In this respect it should be appreciated that in accordance with the invention FEC can be applied selectively to some data streams and not to others, even though all of the data streams are effectively multiplexed together for transmission, whereby a particularly low error rate can be achieved on the selected data streams. Such an advantageous arrangement is not possible in the prior art.
The FEC means preferably comprises means for producing an error control code in respect of a block of information of the respective data stream which is multiplexed in a plurality of said time division multiplexed frames, and conveniently also includes timing means for synchronizing each block of information of a respective data stream to said time division multiplexed frames.
Such synchronizing is not, however, essential; the FEC information blocks may instead be unsynchronized with respect to the time division multiplexed frames. In this case, it is necessary at a receiver to identify the timing of the FEC information blocks for proper FEC operation. To this end, apparatus for effecting forward error correction (FEC) of a data stream including bits of error control codes periodically multiplexed therein, each error control code relating to a respective block of information of the data stream, can comprise: FEC decoding means for producing error correction information from blocks of information of the data stream; correction means responsive to the error correction information to correct errors in the data stream; and control means responsive to the error correction information representing a high error rate for inhibiting the correction means and controlling the FEC decoding means to modify its timing of said blocks of information of the data stream; whereby operation of the FEC decoding means is synchronized to the blocks of information of the data stream in dependence upon the error correction information.
The invention will be further understood from the following description with reference to the accompanying drawings, in which:
FIG. 1 illustrates in a block diagram a known physical arrangement of a transmission system using FEC (forward error correction);
FIG. 2 illustrates a framing format of a known transmission system;
FIG. 3 illustrates in a block diagram an FEC encoding arrangement which operates in accordance with an embodiment of the invention;
FIG. 4 illustrates in a block diagram an FEC decoding arrangement which operates in accordance with an embodiment of the invention; and
FIG. 5 illustrates in a block diagram a modified FEC decoding arrangement which operates in a self-framing manner.
In order to provide a full understanding of the embodiments of the invention described below, it is first necessary to describe some aspects of a transmission system to which the invention is applied.
Referring to FIG. 1, parts of a high-speed transmission system are shown. Each of a plurality of incoming time division multiplexed data signals D1 to Dn is synchronized in a respective synchronizer 10 and supplied via a respective FEC encoder 12 to a common multiplexer 14, which multiplexes the FEC encoded data signals together for transmission over a high speed transmission channel 16. The channel 16 may, for example, comprise an optical signal modulator and transmitter, an optical fiber, and an optical signal receiver and demodulator which are not shown individually. A demultiplexer 18 demultiplexes the data signals for supply to respective data paths via respective FEC decoders 20 and desynchronizers 22.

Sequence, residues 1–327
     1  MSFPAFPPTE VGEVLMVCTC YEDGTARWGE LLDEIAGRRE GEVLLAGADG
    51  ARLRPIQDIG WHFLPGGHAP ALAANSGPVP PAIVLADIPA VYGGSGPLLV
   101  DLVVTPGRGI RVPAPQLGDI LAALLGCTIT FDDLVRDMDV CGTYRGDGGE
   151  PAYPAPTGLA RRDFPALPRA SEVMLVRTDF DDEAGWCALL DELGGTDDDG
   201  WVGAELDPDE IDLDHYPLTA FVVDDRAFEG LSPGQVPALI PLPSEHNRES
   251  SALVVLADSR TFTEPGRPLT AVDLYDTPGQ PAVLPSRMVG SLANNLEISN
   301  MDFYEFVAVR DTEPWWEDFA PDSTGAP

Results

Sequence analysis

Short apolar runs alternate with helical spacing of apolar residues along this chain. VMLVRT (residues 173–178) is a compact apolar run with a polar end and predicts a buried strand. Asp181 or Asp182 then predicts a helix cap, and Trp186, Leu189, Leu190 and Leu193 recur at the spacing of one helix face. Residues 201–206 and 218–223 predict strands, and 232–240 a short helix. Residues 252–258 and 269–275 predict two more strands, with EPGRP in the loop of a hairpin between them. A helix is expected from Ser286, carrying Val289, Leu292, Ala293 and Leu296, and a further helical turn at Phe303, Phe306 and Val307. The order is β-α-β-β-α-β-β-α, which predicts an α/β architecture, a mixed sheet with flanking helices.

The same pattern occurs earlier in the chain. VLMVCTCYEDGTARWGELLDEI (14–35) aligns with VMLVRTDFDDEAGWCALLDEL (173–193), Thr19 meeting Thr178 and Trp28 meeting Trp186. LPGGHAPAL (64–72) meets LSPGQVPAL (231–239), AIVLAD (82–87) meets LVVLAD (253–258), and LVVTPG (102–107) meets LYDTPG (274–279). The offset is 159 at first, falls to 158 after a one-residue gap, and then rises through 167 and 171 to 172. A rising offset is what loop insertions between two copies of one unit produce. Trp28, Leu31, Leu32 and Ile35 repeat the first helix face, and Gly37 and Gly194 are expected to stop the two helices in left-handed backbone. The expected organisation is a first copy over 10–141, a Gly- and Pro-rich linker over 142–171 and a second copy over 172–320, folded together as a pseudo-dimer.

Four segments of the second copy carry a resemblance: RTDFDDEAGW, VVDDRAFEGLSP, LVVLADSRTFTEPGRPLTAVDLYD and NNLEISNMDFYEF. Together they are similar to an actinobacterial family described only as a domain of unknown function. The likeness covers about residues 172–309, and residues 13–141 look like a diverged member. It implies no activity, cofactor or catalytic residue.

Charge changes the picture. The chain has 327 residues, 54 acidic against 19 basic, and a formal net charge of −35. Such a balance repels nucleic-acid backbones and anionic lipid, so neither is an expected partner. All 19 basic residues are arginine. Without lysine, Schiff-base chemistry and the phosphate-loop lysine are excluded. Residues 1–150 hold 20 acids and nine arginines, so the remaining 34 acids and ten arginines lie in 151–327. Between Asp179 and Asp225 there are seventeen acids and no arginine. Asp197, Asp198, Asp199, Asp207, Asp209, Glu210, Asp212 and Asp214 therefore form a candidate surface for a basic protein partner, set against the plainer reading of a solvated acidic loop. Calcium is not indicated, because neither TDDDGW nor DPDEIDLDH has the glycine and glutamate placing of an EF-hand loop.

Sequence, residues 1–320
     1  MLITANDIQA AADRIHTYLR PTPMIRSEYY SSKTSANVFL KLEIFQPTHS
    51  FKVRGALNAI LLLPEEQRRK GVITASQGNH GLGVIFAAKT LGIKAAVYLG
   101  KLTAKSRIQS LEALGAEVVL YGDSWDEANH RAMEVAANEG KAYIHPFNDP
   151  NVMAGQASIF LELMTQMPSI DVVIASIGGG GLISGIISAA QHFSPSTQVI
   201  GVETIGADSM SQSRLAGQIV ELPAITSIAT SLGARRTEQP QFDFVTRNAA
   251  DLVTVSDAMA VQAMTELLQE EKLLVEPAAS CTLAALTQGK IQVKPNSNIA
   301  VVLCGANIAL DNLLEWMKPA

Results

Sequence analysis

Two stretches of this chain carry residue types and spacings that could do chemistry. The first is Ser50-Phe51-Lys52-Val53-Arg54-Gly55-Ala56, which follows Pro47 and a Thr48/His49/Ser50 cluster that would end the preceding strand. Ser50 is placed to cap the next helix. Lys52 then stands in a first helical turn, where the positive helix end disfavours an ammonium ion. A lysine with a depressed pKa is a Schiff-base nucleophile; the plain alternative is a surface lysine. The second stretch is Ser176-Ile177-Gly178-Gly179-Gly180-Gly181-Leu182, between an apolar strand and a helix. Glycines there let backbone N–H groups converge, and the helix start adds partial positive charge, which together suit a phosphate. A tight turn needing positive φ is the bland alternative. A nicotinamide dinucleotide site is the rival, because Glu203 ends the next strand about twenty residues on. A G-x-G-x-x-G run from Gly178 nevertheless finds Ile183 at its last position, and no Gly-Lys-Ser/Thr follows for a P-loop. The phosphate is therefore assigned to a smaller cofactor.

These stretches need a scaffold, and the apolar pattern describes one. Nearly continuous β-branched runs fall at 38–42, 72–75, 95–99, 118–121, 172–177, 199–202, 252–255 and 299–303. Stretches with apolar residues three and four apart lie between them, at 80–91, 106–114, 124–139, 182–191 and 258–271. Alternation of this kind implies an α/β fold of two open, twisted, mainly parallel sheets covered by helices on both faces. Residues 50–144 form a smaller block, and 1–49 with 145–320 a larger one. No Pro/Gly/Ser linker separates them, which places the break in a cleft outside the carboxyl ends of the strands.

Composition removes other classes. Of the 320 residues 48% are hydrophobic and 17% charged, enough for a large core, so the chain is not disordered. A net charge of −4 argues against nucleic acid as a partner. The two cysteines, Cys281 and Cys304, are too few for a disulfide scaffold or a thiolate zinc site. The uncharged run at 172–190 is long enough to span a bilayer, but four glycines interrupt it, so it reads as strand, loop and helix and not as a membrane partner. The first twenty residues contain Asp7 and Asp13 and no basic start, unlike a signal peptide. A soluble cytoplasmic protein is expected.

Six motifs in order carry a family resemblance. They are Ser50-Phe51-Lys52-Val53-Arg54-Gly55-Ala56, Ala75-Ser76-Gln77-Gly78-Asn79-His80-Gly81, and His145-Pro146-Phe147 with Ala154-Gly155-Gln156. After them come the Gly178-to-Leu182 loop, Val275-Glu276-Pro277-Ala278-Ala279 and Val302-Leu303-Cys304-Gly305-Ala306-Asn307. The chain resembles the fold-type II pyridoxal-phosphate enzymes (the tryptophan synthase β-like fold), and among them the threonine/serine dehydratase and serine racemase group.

In such a known arrangement, each FEC encoder 12 adds error control information to the data of the respective data channel, thereby increasing the bit rate of information supplied to the multiplexer 14 compared to the bit rate of information supplied by the respective synchronizer 10. In the corresponding FEC decoder 20, this error control information is used to correct errors in the transmitted channel data, and the error-corrected data is supplied to the respective desynchronizer 22 at a lower bit rate than that incoming to the FEC decoder 20.
FIG. 2 illustrates a framing format of a known transmission system in which FEC is not used; in other words the FEC encoders 12 and decoders 20 of FIG. 1 are not present, the outputs of the synchronizers 10 being supplied directly to the multiplexer 14 and the outputs of the demultiplexer 18 being supplied directly to the desynchronizers 22.
As illustrated in FIG. 2, each frame comprises 8 subframes each of 86 bits, the frame comprising a total of 688 bits. The first bit in each subframe constitutes system overhead information, and is a framing bit F in each of subframes 1 and 5, one of three identical stuff indicator bits C in subframes 2 to 4, a high-speed communications bit H in subframe 7, a service channel bit S in subframe 8, and other overhead information 0 in subframe 6. The framing bits F not only identify the frame and subframe timing, but also the timing of masterframes each of which in this example comprises 12 frames. The stuff indicator bits C in each frame relate to a specific one of 12 data channels D1 to Dn (i.e. n=12), whereby 3 bits C are provided for each data channel in each masterframe.